» Full Dark, No Stars - Stephen King's new novella questions mankind's ability to trust others.
[02.21.2011 by Bridget Doyle]


 » The Top 30 Albums of 2010 - Fashionably, fabulously late, our favorite music (and believe me, there was a LOT) of 2010, the year that some have called the best year for music ever. And only some of those fools work here. Plenty of usual suspects, lots of ties and a few surprises that I won't spoil, including our unexpected #1.
[12.24.2010 by The LAS Staff]


 » Live: Surfer Blood/The Drums at Lincoln Hall, Chicago, IL - Remember when Weezer used to put together records that you could sing along to and rock out to? That's what Surfer Blood's show was like!
[11.04.2010 by Cory Tendering]

Music Reviews

Screaming Females - Castle Talk
»Screaming Females
Castle Talk
Don Giovanni
Trent Reznor & Atticus Ross - The Social Network [Original Soundtrack]
»Trent Reznor & Atticus Ross
The Social Network [Original Soundtrack]
The Null Corporation
Deerhunter - Halcyon Digest
Halcyon Digest
No Age - Everything in Between
»No Age
Everything in Between
Sub Pop
Robyn - Body Talk Pt. 1/ Body Talk Pt. 2
Body Talk Pt. 1/ Body Talk Pt. 2
The Walkmen - Lisbon
»The Walkmen
Fat Possum

April 29, 2010
RATING: 7/10

Moment of truth: Katherine Dunn's Geek Love was recommended to me by an attractive boy. "I'm obsessed with this book," he told me, "and I think you'll be obsessed with it too." I took in his long and unkempt brown hair and the two big brown pools of his eyes as he said this. "I… will… love… this… book," I may as well have droned back.

As it turned out, I liked Geek Love a whole lot. It kept me riveted through a week of long train rides to and from work and evening hours spent with a glass of red wine. But I didn't love it. It's a powerful book, and I'm still piecing together why it didn't affect me as much as it was supposed to.

Geek Love has two storylines, both of which follow an albino hunchback dwarf* named Olympia Binewski at different points in her life. When the book opens, the reader finds Oly living in a rundown boardinghouse managed by her mother, the blind and mentally unstable Crystal Lil. The tenant upstairs--a beautiful college student by the name of Miranda--dances at a club where she successfully fetishizes a small "tail" extending from the bottom of her spine. Miranda, who is studying to be a medical illustrator, has an eye for the physically unique and is fascinated by Oly. The young lady repeatedly invites the older woman up to her apartment to be sketched, completely unaware that she shares a deeper connection with her most fascinating subject.

The other major storyline surrounds Olympia's upbringing. As it turns out, her carnivalist parents experimented with various substances during Lil's pregnancies to ensure that their children would be born "special," thereby populating the family's freak show. At first this storyline focuses on fairly typical family drama, but eventually it escalates into a tumultuous and disturbing narrative about the abuse of power.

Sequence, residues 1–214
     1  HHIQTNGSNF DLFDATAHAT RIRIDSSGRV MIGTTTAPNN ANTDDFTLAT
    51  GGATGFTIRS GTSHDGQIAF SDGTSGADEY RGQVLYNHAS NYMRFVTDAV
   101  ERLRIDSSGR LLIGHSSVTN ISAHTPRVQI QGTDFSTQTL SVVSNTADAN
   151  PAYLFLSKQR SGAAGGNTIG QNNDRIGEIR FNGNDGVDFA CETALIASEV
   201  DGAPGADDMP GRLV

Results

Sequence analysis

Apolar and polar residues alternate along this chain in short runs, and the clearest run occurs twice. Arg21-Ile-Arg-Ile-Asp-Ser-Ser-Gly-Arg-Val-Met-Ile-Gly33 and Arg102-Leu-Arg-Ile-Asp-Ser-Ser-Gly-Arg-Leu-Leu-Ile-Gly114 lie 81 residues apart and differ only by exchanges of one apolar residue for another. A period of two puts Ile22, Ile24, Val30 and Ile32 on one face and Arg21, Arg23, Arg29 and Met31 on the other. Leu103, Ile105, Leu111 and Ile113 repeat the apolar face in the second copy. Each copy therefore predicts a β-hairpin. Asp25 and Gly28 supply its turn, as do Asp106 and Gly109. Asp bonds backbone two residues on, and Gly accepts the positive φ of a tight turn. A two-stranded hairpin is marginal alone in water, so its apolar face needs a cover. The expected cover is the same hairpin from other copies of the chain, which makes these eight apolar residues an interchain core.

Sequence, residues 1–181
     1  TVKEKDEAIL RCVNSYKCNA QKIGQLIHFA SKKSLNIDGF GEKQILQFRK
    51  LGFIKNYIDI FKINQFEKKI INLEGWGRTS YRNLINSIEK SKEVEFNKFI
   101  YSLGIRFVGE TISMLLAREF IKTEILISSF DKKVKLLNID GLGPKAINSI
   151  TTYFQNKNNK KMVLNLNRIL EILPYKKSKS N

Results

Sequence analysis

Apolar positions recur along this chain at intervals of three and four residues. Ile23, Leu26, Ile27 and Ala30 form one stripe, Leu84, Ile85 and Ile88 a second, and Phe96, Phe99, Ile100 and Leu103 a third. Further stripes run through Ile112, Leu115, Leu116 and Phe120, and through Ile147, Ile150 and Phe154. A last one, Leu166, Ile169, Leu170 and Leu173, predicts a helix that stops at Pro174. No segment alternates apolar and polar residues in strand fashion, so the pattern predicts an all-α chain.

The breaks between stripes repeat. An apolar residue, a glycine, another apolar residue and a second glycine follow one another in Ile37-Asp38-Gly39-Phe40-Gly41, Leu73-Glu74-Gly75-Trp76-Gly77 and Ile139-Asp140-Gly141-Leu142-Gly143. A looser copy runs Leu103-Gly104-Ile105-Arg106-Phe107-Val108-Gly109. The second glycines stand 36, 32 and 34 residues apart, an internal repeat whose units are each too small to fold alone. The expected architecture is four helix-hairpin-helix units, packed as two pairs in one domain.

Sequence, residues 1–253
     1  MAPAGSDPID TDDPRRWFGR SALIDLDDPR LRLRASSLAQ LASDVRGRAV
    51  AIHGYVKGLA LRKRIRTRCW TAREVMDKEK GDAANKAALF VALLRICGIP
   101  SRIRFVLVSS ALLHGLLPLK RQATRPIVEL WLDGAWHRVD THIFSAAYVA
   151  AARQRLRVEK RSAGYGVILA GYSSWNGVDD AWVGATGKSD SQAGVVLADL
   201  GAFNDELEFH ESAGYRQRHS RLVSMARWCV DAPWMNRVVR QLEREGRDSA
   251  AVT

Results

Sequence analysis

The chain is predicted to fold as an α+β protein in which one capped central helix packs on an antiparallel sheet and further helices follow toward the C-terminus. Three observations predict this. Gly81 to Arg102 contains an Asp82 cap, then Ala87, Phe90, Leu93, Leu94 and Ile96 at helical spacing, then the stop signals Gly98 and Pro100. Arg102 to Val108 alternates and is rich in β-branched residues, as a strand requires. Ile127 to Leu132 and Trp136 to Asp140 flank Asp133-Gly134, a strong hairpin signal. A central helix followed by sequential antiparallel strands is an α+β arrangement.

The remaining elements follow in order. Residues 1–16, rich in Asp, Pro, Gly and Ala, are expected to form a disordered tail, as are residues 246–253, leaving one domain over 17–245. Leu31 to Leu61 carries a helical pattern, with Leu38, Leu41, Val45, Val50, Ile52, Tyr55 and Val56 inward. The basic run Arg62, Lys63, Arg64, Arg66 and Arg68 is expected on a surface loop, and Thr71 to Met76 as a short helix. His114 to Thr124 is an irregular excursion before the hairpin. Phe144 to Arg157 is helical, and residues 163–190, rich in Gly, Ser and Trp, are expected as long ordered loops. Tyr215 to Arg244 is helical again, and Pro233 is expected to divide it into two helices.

Dunn is a masterful storyteller, and the best aspect of her book is the way it is written; Geek Love is told by Olympia in the first-person. We learn that as a child, Oly is trained by her father to be a carnival barker, and as an adult she makes her living reading stories on the radio. To the author's credit, Oly sounds exactly as she should. The strength of her voice carries events forward, lending them an air of enchantment and otherworldliness appropriate to the plot. Geek Love is worth reading for the storytelling alone.

Which is why it isn't terribly disappointing that the plot develops in an unfortunate way, with Dunn taking advantage of her alluring prose and the engaging voice of her main character. While the book at first seems a subtly crafted story anchored firmly in the themes of family and uniqueness, events build up until they reach a pitch on par with a soap opera. Nothing subtle about the Arturan cult, whose members cut off their extremities to be more like Arturo, their leader. Nothing subtle about the end to the carnival plot, or the end of the book itself.

Dunn's writing carries the plot along, though, and I was willing to suspend my disbelief even when she took too many liberties. By no means is Dunn incapable of a metaphor or a tastily complex analogy, and in fact every now and then a brilliant curlicue rears its head from the murky goings-on. As a whole, however, Geek Love is too heavy-handed. At some point it stops addressing its central themes, and Dunn seems instead to delight in just how much of a nightmare she can convince us of. Luckily for the reader, she's awfully persuasive.

* Terms such as "dwarf" are occasionally employed by Dunn in the text, and are thusly used in context and are meant with no offense.

Julia Rose Roberts

See other articles by Julia Rose Roberts.



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